We do know that there were windmills in Iran by the 7th century. These windmills had a long, vertical drive shaft around which rotated six to twelve rectangular, reed-covered sails. This type of device is called a "panemone" windmill.
The first windmills in Northern Europe date from the 1180s and have a very different design. They are called "post" windmills because of the large upright post on which the mill's main structure, the "buck," is balanced so that the mill can rotate to catch the wind when it comes from different directions. The mill was moved using a tailpole or tiller beam that extended from the rear of the body. The picture below, from a 14th century manuscript, shows a post windmill. The two prone figures to the right make me wonder if this illustrates Chaucer's Miller's Tale, but I might be wrong since the text is in Latin and Chaucer wrote in Middle English.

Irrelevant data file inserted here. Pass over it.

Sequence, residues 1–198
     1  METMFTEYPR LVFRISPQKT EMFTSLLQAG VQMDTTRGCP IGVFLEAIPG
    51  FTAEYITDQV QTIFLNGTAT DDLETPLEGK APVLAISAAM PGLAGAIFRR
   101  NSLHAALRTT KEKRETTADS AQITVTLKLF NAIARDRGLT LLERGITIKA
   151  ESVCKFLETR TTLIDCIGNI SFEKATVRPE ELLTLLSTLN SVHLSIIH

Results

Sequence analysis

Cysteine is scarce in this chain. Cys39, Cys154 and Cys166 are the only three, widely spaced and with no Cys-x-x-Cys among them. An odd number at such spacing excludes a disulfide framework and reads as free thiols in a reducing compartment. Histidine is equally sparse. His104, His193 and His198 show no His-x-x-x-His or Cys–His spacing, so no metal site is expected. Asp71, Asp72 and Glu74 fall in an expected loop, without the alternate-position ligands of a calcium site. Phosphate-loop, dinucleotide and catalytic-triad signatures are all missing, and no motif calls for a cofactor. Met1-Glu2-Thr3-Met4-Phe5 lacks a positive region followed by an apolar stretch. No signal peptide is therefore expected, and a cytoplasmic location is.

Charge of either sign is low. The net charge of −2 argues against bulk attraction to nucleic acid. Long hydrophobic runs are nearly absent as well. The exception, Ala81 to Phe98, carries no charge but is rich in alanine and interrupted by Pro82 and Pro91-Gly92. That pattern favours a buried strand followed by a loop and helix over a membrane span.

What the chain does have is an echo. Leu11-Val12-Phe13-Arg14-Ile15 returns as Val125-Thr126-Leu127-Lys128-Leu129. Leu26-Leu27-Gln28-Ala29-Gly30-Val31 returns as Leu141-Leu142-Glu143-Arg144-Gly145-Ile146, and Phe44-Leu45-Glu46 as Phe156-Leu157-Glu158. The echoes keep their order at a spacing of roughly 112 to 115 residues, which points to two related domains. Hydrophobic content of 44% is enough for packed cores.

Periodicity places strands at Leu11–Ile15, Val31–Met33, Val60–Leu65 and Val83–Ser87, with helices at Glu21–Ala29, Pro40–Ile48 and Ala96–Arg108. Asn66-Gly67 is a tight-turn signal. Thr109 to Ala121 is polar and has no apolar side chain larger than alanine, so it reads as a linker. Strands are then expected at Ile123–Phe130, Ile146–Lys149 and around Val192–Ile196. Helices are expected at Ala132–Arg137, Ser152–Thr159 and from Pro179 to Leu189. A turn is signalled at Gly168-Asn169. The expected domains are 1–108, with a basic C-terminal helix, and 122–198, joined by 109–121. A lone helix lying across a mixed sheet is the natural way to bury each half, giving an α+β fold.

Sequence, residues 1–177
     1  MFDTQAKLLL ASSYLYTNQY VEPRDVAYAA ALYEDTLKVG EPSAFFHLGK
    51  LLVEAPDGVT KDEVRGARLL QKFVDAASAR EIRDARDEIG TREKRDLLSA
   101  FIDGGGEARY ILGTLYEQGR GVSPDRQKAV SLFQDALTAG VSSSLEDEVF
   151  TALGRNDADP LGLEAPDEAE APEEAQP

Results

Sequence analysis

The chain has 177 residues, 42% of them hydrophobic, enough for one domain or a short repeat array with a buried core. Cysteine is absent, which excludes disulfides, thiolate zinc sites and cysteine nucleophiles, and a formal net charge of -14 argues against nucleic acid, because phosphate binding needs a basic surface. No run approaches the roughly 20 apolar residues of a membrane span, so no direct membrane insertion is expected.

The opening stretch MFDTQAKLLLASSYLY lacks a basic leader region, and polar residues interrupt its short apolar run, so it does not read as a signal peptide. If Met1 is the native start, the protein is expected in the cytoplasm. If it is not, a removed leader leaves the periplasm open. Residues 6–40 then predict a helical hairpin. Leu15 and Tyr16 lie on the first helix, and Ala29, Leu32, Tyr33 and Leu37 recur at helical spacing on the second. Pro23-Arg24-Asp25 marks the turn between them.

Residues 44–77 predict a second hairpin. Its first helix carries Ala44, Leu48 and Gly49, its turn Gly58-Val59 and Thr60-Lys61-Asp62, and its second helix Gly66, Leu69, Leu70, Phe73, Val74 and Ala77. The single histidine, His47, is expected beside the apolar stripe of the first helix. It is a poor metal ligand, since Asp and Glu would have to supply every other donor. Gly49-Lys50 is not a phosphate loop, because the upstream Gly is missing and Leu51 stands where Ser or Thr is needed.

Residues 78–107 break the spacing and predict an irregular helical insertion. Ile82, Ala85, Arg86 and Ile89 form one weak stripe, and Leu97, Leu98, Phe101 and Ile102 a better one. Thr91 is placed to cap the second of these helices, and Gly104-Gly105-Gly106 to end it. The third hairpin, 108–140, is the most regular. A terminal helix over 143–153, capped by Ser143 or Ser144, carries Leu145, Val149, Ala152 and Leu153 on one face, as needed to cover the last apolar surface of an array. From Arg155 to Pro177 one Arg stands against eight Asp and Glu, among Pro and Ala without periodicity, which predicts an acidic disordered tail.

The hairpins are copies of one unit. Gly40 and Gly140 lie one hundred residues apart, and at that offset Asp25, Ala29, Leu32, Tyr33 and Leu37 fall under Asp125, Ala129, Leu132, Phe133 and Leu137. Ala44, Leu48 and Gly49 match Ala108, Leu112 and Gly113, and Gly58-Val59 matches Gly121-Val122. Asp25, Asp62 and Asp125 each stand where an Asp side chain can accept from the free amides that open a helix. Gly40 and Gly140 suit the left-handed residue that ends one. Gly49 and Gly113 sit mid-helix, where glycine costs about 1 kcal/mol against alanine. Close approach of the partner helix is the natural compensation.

It has widely been suggested that returning Crusaders brought the idea of windmills back to Europe with them. While the timing is right, the huge difference in design suggests that this might not be the case, and that windmills might have been designed independently in Europe and the Middle East.
Photo by Francis Franklin (Own work) [CC BY-SA 4.0 (http://creativecommons. org/licenses/by-sa/4.0)], via Wikimedia Commons